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Experts raise concerns about health issues outside of COVID-19 pandemic

(The Center Square) – As Illinois moves closer to the fourth phase of Gov. J.B. Pritzker’s five-phase COVID-19 reopening plan, other health and societal problems are surfacing and some of them have been compounded by the pandemic.

Illinois residents, consumers and businesses have been under some form of statewide restrictions to reduce the spread of COVID-19 since March 16. The initial stay-at-home order kept many businesses closed and halted elective medical procedures and other visits to prevent the spread of COVID-19 and to keep hospital beds open for a possible surge in coronavirus cases.

Now in Phase 3, medical facilities across the state are welcoming patients back for checkups and screenings. Some experts are worried about the consequences of delays in seeking care and of delays in screenings to detecting cancers.

Rush Medical College said before the pandemic, it performed 800 screenings on average per month for colorectal cancer. That came to a stand-still for two months. Dr. Dana Hayden said treatment is more successful when caught early. Delayed discovery can make it more difficult to treat.

“Delayed screening means people will miss the opportunity to prevent or treat the disease early,” Hayden said in a statement. “That leads to a greater incidence of cancer, which is diagnosed at later stages with more severe symptoms and higher mortality.”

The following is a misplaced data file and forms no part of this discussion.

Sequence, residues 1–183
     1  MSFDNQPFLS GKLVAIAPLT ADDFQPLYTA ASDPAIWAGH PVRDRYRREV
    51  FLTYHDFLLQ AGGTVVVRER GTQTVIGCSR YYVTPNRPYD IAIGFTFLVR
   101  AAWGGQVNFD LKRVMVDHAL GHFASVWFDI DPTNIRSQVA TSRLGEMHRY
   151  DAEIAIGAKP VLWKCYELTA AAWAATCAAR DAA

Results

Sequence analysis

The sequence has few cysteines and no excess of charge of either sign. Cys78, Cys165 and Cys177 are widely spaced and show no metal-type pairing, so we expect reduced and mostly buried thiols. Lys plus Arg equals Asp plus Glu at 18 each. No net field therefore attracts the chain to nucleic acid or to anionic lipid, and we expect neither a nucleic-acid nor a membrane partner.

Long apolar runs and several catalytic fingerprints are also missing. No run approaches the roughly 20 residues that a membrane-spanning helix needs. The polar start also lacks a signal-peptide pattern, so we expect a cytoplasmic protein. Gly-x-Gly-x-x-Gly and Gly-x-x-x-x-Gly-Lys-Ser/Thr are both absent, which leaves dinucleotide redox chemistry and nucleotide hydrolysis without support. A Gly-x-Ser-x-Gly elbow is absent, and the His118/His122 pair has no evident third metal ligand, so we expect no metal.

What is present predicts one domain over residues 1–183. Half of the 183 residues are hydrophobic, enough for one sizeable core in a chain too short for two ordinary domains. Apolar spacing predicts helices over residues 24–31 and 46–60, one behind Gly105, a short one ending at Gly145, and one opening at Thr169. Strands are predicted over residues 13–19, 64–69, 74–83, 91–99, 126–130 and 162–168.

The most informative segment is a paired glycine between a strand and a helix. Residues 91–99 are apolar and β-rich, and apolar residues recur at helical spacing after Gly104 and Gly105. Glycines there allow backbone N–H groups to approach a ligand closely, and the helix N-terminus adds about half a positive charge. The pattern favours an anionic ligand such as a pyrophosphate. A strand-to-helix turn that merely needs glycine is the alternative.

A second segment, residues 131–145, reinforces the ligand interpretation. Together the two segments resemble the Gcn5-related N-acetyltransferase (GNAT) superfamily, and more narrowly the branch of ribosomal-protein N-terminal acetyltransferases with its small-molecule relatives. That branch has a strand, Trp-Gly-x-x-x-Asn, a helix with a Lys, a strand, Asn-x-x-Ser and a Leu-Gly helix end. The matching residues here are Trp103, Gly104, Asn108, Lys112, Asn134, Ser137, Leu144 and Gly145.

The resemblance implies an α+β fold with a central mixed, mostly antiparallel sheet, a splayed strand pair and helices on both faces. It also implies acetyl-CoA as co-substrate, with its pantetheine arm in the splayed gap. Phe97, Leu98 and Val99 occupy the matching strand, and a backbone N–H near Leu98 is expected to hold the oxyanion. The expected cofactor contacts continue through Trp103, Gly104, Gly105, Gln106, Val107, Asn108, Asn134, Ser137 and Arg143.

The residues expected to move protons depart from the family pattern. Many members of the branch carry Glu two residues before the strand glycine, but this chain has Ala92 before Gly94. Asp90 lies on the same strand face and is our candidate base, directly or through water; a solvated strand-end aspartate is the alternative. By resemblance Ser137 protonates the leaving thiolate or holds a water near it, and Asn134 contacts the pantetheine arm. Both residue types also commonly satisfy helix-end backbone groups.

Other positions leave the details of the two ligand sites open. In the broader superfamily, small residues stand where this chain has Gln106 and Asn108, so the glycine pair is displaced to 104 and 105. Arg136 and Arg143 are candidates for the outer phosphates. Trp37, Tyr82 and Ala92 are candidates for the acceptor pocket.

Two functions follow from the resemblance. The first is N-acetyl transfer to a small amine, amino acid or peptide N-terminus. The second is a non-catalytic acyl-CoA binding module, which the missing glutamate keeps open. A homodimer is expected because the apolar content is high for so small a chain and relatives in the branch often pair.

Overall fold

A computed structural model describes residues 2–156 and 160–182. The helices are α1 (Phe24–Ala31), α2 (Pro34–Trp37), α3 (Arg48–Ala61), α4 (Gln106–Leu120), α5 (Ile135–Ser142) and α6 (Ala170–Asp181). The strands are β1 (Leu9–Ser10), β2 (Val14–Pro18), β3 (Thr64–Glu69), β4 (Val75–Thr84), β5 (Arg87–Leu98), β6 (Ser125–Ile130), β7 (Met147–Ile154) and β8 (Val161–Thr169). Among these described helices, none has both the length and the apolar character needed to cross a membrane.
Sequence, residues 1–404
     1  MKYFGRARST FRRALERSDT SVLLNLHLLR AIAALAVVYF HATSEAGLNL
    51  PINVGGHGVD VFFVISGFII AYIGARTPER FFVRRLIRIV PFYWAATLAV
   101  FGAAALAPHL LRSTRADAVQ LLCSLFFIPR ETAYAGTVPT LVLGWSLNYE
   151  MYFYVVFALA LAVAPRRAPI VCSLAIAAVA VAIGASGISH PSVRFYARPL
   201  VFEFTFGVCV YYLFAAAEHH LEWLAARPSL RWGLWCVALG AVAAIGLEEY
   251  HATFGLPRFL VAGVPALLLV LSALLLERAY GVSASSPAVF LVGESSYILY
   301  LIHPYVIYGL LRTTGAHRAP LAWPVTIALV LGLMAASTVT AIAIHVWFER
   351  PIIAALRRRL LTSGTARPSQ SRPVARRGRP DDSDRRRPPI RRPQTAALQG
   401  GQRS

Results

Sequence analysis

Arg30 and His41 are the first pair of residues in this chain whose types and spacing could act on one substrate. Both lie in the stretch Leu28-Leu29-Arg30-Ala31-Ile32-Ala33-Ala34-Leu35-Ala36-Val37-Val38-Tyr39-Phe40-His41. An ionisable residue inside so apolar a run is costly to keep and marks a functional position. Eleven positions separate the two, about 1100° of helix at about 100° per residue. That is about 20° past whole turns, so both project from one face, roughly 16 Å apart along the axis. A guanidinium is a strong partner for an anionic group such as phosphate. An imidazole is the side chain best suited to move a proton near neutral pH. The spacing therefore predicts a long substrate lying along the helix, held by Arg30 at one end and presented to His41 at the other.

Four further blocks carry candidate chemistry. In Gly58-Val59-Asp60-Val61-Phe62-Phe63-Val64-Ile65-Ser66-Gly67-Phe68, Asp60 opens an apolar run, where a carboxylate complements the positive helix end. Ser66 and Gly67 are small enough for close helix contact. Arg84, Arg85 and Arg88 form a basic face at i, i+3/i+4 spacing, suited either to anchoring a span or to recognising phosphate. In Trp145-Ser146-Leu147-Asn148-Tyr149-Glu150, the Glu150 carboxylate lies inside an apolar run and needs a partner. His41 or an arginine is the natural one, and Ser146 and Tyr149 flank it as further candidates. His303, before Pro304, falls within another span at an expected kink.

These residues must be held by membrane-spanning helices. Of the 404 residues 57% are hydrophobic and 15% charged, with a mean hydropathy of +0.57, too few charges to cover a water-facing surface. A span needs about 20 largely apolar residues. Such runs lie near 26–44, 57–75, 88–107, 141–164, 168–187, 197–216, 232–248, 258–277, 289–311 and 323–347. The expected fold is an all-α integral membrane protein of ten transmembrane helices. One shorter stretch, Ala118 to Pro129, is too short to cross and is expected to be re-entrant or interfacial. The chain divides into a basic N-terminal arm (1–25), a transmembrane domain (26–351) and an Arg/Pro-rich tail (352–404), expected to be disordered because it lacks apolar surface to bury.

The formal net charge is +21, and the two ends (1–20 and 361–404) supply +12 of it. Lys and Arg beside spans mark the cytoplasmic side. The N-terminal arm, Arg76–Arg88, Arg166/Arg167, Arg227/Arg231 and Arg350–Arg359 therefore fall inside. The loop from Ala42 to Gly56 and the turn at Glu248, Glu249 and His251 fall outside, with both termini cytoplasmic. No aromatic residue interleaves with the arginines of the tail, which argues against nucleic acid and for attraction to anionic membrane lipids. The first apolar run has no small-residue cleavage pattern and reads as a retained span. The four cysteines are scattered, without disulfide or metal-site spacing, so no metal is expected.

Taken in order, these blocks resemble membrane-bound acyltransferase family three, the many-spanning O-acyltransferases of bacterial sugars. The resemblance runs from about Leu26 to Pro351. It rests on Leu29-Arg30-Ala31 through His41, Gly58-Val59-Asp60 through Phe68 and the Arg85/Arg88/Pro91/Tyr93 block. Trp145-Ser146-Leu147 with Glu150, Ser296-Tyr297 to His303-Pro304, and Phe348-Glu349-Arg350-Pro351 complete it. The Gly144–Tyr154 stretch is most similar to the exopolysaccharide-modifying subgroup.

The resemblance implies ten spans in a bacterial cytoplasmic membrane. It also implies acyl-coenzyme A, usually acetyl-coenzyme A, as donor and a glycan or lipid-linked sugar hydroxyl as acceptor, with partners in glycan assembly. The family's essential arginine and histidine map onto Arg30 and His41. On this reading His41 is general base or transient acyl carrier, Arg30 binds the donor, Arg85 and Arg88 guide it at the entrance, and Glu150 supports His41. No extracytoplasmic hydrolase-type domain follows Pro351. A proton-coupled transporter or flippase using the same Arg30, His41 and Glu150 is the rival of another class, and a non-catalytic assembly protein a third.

The pandemic has also taken a toll on mental health. Sangamon County Public Health Director Gail O’Neill said mental health issues could be exacerbated by the high unemployment rate.

“For many people losing temporarily, or long term, losing their livelihood is very stressful, so the mental health aspects of this epidemic we are aware of it and it is something that we really kind of worry about,” O’Neill said.

While the state added more than 60,000 jobs in the most recent jobs report, more than 1.3 million Illinoisans have filed for unemployment benefits since the beginning of March.

Public health officials also are concerned about substance abuse issues and crime.

At the beginning of Pritzker’s stay-at-home order, the governor restricted the size of gatherings. O’Neill had immediate concerns for those needing group therapy for things such as substance abuse and AA meetings for alcoholism.

“Virtually [meeting] is just kind of not the same when you’re going through that kind of battle, so this has been hard on families and people that are already stressed lives and even more stress as this goes on,” she said.

In the month of May, despite having strictest stay-at-home orders in the country, legal cannabis sales peaked at more than $44 million, the most since becoming legal in Illinois in January.

Kankakee County Sheriff Mike Downey said since the start of the pandemic, arrests in his area were slightly down, but he said deputies appear to be dealing with more severe crimes.

“The shootings, we’ve had some weapons offenses in town, we’ve had a significant amount of domestic battery cases, which I think those are up probably nationwide with the lockdown, unfortunately,” Downey said.

In Chicago, the total number of crimes decreased, but homicides and shootings are up.

The Well Being Trust alongside the Robert Graham Center projects deaths of despair such as suicide could be between 27,600 to 154,000 deaths nationwide outside of COVID-19. The slower the recovery, the greater the impact.

“Sadly, these factors impact some communities more than others in significant and consequential ways, especially racial and ethnic minority populations, people who are lower-income, or people who live in rural areas,” the report said. “Without attention to these issues, our nation will continue to drive an increase in health disparities.”

The report projects over the next ten years Illinois could see a rate of 21 per 100,000 additional deaths from alcohol, drugs or suicides.